A difference between a cable modem tuner 1000 of the embodiment illustrated in FIG. 1 and cable modem tuner 100 illustrated in FIG. 6 is that frequency converter circuit 114 of cable modem tuner 100 is replaced by a frequency converter circuit 1141 (1142). The structure of FIG. 1 except for the difference described above is similar to that of FIG. 6, and description thereof is omitted.

FIG. 2 shows a structure of frequency converter circuit 1141. Referring to FIG. 2, frequency converter circuit 1141 includes a mixer circuit 61, buffer amplifiers 3 and 4, a local oscillation circuit 622 connecting terminals T15-T18, and terminals T1-T4.

Mixer circuit 61 includes a mixer circuit 1 connecting input terminal T1 and output terminal T3, and a mixer circuit 2 connecting input terminal T2 and output terminal T4. Mixer circuits 1 and 2 mix oscillation signals respectively generated by local oscillation circuit 622 and supplied from respective buffer amplifiers 3 and 4 of the preceding stage with high-frequency signals supplied from a VHF.HIGH/LOW switching circuit 112 via terminals T1 and T2 respectively for converting them into IF signals, and the IF signals are output from terminals T3 and T4 respectively. The operation in mixer circuit 61 is similar to the conventional operation.

Local oscillation circuit 622 includes a resonant circuit 411, a differential amplifier circuit 421, feedback capacitors 14, 15 and 17, a bypass condenser 24, bias resistors 26 and 28 of a variable capacitance diode 25 described below, and bias resistors 27, 29 and 30 of an SW (abbreviation for switching) diode 23 described below.

Differential amplifier circuit 421 includes transistors 511 and 521 constituting a differential stage, bias resistors 97, 98, 90 and 91, collector resistors 96 and 92, and an emitter resistor 99.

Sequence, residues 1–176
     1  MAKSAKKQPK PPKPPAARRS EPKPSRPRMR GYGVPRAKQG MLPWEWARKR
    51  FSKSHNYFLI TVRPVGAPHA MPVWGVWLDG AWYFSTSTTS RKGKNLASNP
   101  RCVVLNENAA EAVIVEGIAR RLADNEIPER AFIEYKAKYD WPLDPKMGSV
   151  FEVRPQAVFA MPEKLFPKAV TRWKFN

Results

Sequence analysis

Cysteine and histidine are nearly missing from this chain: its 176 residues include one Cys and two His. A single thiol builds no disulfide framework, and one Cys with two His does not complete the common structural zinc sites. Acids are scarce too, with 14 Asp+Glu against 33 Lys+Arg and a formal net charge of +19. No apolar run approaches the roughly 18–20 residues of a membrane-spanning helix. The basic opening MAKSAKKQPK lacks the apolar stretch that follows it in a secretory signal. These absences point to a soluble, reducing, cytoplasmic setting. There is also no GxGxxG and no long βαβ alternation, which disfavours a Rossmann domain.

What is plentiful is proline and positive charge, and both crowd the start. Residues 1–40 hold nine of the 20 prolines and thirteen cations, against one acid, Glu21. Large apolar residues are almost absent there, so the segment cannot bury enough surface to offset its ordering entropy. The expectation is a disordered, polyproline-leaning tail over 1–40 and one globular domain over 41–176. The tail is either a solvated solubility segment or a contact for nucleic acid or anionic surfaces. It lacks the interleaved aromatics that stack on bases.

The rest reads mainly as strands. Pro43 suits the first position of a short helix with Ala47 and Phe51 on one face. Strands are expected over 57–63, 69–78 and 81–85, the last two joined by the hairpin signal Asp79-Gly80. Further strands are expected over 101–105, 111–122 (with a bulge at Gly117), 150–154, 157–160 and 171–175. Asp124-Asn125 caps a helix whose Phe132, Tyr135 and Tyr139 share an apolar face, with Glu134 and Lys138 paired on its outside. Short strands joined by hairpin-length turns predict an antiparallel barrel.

Power supply voltage VCC applied to terminal T18 is divided by bias resistors 90 and 91 to be supplied to the base of transistor 521 which is one of the transistors constituting the differential stage. The collector of transistor 521 is connected to the collector of transistor 511 via bias resistors 92 and 96. The base of transistor 511 is grounded via bias resistor 98. The base of transistor 511 is also connected to the collector side of transistor 511 via bias resistors 96 and 97. Accordingly, when transistor 511 is turned on, the output from the collector side of transistor 511 is fed back to the input of the base side.

Resonant circuit 411 includes a variable frequency control condensers 18 and 22, resonant coils 19 and 20, a tuning condenser 21, SW diode 23, and variable capacitance diode 25. Variable capacitance diode 25 is reverse-biased by voltage (tuning voltage) applied to terminal T15 via bias resistors 26 and 27. By changing the level of the tuning voltage, the resonance frequency of resonant circuit 411 is varied.

SW diode 23 is operated by supplying voltage applied to terminals T16 and T17 via bias resistors 27-30. Bypass condenser 24 is provided for SW diode 23. When the VHF.HIGH band is received, voltages of the low level and the high level are applied to terminals T16 and T17 respectively. When the VHF.LOW band is received, voltages of the high level and the low level are applied to terminals T16 and T17 respectively.